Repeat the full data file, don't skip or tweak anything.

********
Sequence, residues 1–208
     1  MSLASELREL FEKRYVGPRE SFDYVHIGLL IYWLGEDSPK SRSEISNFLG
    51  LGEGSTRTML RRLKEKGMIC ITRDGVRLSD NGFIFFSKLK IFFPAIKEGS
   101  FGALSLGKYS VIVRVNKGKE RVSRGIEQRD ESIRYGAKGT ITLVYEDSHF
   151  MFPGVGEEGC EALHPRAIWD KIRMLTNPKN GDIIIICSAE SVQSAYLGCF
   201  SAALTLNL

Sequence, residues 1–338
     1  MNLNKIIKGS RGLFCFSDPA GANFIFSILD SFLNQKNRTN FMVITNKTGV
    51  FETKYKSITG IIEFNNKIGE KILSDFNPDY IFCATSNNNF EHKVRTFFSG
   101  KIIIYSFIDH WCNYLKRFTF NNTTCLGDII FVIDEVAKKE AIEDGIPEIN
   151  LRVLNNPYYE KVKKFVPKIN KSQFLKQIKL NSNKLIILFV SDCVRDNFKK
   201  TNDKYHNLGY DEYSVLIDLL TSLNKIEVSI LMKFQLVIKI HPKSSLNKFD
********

Sequence, residues 1–208
     1  MSLASELREL FEKRYVGPRE SFDYVHIGLL IYWLGEDSPK SRSEISNFLG
    51  LGEGSTRTML RRLKEKGMIC ITRDGVRLSD NGFIFFSKLK IFFPAIKEGS
   101  FGALSLGKYS VIVRVNKGKE RVSRGIEQRD ESIRYGAKGT ITLVYEDSHF
   151  MFPGVGEEGC EALHPRAIWD KIRMLTNPKN GDIIIICSAE SVQSAYLGCF
   201  SAALTLNL

Sequence, residues 1–338
     1  MNLNKIIKGS RGLFCFSDPA GANFIFSILD SFLNQKNRTN FMVITNKTGV
    51  FETKYKSITG IIEFNNKIGE KILSDFNPDY IFCATSNNNF EHKVRTFFSG
   101  KIIIYSFIDH WCNYLKRFTF NNTTCLGDII FVIDEVAKKE AIEDGIPEIN
   151  LRVLNNPYYE KVKKFVPKIN KSQFLKQIKL NSNKLIILFV SDCVRDNFKK
   201  TNDKYHNLGY DEYSVLIDLL TSLNKIEVSI LMKFQLVIKI HPKSSLNKFD